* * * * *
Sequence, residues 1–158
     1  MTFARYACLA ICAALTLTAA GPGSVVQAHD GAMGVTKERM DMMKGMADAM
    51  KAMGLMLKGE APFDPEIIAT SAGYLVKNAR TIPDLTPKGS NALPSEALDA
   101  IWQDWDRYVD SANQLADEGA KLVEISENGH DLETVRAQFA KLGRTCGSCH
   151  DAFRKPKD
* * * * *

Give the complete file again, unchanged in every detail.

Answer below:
Sequence, residues 1–158
     1  MTFARYACLA ICAALTLTAA GPGSVVQAHD GAMGVTKERM DMMKGMADAM
    51  KAMGLMLKGE APFDPEIIAT SAGYLVKNAR TIPDLTPKGS NALPSEALDA
   101  IWQDWDRYVD SANQLADEGA KLVEISENGH DLETVRAQFA KLGRTCGSCH
   151  DAFRKPKD